The day starts very early and ends very late. Already at three o’clock in the night – or early in the morning, as you might think – I pack the last things. At a quarter to four, I leave for the airport in Francfort. The check-in machine even offers a choice of seats. I get rid of my precisely weighed 46.3 kg of luggage at the counter, with the Air France employee joking that there’s probably only shoes in it. To my answer “No, I only have exactly one pair with me, I wear them on my feet”, he looks a little surprised.A small propeller machine, to whose outer position we ride a whole eternity with the bus, brings us to Paris. There, Tanala and I meet old acquaintances and good friends: Yvonne and Thomas are flying to Madagascar today, too, but take a slightly different route, and Markus flies with us like the last times before. In Paris, I also meet Philipp, who has been to Madagascar before, but this time he wants to find and see more animals with us. He is a lung specialist and apparently completely relaxed about air travel. I like air travel rather than less. But if you want to go to Madagascar, they are the only reasonable means of transport.
Around eleven o’clock we finally board – Zone 5, everyone is sitting behind row 39, and an almost eleven-hour flight lies ahead of me. I am busy filming, sleeping, watching clouds and dying of thirst. Seven minutes before landing, it’s dark outside now, I wake up again quite suddenly: The plane simply drops a good fifty to a hundred meters into the depth. Whoopsie. Unfortunately, it repeats it again, which makes me feel a bit queasy. Especially when you can see on the display in front of you that you’re not that far from the ground. Did I already mention that I really don’t like flying? But I’m not the only one on the plane who looks a bit panicky and has a pulse.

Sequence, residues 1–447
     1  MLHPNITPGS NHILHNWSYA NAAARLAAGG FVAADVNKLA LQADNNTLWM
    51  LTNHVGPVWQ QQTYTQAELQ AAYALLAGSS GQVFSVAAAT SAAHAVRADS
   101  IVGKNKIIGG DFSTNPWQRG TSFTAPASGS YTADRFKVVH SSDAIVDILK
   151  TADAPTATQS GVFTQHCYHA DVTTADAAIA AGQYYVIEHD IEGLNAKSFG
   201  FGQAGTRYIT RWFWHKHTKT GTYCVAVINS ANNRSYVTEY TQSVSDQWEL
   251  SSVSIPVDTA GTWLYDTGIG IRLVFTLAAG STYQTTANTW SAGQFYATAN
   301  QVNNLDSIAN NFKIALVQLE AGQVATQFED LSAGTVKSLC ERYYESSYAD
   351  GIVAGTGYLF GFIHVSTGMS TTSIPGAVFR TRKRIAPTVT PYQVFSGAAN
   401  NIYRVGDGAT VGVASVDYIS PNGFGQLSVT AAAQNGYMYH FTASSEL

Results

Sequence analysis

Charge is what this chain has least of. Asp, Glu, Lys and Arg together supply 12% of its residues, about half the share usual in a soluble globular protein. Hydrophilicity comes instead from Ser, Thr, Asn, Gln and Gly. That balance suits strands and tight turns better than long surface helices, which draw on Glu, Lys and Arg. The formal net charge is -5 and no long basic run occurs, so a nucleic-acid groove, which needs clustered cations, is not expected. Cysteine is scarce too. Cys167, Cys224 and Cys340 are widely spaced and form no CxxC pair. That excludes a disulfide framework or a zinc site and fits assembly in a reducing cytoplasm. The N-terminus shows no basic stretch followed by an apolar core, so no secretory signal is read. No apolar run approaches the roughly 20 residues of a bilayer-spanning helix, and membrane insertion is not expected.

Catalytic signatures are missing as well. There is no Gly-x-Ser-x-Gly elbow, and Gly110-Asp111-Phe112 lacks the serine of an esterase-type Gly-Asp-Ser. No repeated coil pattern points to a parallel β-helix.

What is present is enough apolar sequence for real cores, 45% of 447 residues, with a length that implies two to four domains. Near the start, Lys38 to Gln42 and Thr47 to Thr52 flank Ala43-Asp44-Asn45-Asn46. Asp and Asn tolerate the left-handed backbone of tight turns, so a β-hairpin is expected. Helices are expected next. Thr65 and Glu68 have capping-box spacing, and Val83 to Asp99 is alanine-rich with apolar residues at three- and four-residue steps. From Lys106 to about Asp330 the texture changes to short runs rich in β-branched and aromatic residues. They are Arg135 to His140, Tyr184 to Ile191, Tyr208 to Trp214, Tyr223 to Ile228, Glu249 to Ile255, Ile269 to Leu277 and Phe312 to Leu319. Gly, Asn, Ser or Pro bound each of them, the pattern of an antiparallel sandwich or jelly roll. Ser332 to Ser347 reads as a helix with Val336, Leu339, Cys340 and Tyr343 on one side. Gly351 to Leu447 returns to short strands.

Contrary to all fears, the plane then lands relatively gently in the highlands of Madagascar. I am nevertheless glad when the door finally opens and I can leave the plane. Warm and humid air hits me. The floodlights of Ivato illuminate the surroundings, it is almost in the middle of the night – just before midnight. With a whole crowd of people, I walk across the runway to the airport building. Meanwhile, a few people are standing around in warning vests, people shouldn’t run around as chaotic as they used to some years ago. Inside I queue up for the Sérvice sanitaire in the almost endless queue. I had already filled out the two-sided note on the plane – people who are less blessed with brains are only now beginning to fill in the tiny lines, causing slight resentment among those waiting behind them. Admittedly, the lines, in which you should write your name, address, profession, and similar things are really very tiny. After I successfully leave the health desk behind me – I slip of paper, passport and plane ticket – interested look, something torn off, everything out again – I push myself further to the queue of the visa stamp man.
Around one o’clock I have my luggage and go outside with Tanala, where Dimby and José are already waiting. A warm welcome. I look around a little surprised – in front of the airport building, it is almost empty. Where did all the porters and wannabe helpers go who usually come in droves within a few minutes? Dimby can explain it. Apparently there have been some new regulations at the airport since the presidential elections in December. Among other things, a week ago a whole lot of people were probably sent to jail for loitering around the airport, offering unwanted carrier services to travelers or engaging in some bizarre scam with alleged money exchange. It seems to have affected a lot of people, because the airport parking lot is deserted. Another new arrival, Andrea, has also arrived in the meantime. She may have been on the same flight, but somehow we haven’t met in Paris yet.
Dimby and José have two Landcruisers with them, in which we all find room together with our luggage. The way to Talatamaty through the dark Antananarivo leads after a few minutes through the gates of the Raphia. Thanks to Dimby’s advance booking, the kitchen made a big load of fresh Samboza for us even after midnight. The first crown caps hiss, cooled THB are opened. Holidays, finally.